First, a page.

The Zell Family Foundation Gifts $10 Million to the Museum of Contemporary Art Chicago

by Corinna Kirsch on November 1, 2012 · 0 comments Newswire

Sam Zell. Courtesy: The Associated Press

Publishing and real estate baron Sam Zell just boosted his rank in the Billionaire Boys Club. Yesterday, the Museum of Contemporary Art Chicago announced that Zell plans to donate $10 million to the museum. In a statement released by the MCA, The Zell Family Foundation, where his wife Helen Zell serves as the Executive Director, will endow the museum through the Zell Fund for Artistic Excellence.

That fund, according to a statement from MCA Director Madeleine Grynsztejn, “fuels every aspect of our new initiatives.” The $10 million gift nearly matches the MCA’s total contributions received in 2011, topping off at $10,050,909. Indeed, a grant of that size would be the envy of any museum, though the MCA is particularly in need. As The New York Times reports, the museum will use half the funds to pay off its construction debt, which it incurred during the 1990s while building its current home along Chicago’s Magnificent Mile.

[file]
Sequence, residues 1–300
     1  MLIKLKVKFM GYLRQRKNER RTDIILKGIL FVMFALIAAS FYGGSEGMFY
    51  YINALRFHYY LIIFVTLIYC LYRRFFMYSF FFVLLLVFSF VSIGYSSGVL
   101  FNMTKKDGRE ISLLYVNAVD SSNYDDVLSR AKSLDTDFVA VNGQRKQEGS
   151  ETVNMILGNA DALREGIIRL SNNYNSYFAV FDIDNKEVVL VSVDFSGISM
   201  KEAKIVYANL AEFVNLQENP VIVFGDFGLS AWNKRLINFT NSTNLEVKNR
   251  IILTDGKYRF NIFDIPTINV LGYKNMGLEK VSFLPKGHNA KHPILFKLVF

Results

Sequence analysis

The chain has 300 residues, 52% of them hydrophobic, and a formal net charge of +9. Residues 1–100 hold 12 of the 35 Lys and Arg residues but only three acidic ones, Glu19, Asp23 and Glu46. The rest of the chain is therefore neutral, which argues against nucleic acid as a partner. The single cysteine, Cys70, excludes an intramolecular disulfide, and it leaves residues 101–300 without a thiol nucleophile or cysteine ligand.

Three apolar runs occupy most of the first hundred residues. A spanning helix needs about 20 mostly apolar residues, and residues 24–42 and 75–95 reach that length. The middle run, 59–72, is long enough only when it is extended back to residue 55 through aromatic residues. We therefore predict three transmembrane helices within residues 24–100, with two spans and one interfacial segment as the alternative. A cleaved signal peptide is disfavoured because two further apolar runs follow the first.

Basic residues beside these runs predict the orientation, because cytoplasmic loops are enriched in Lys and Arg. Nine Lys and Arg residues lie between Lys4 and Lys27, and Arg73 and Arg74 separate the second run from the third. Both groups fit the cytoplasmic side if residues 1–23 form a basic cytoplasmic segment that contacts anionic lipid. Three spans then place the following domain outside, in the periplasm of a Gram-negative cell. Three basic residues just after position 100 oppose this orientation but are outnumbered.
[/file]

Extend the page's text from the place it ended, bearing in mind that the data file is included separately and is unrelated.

The Zell Fund brings to mind another magnanimous museum gift, the Broad Foundation’s $30 million promised donation to MOCA in 2008. It’s not just the gifts’ size that bears a resemblance (though yes, $30 million is a lot more than $10 million)—the careers and philanthropic pursuits of the organizations’ Midwestern-born founders nearly mirror each other. Both made their fortunes through real estate, list the University of Michigan as their alma mater, and have connections to Los Angeles (the Broads are located there, while Zell owns the Los Angeles Times). Prior to their large donations, Eli Broad chaired MOCA’s board (1979 -1984) and Helen Zell chaired the MCA’s board (2004-2008).

Broad’s gift, though, continues to stir up controversy, as it came with many strings attached. Seeing as how neither one of the Zells are standing board members, it is unlikely they will try to control the museum in the same way Broad did.

Previous post:

Next post: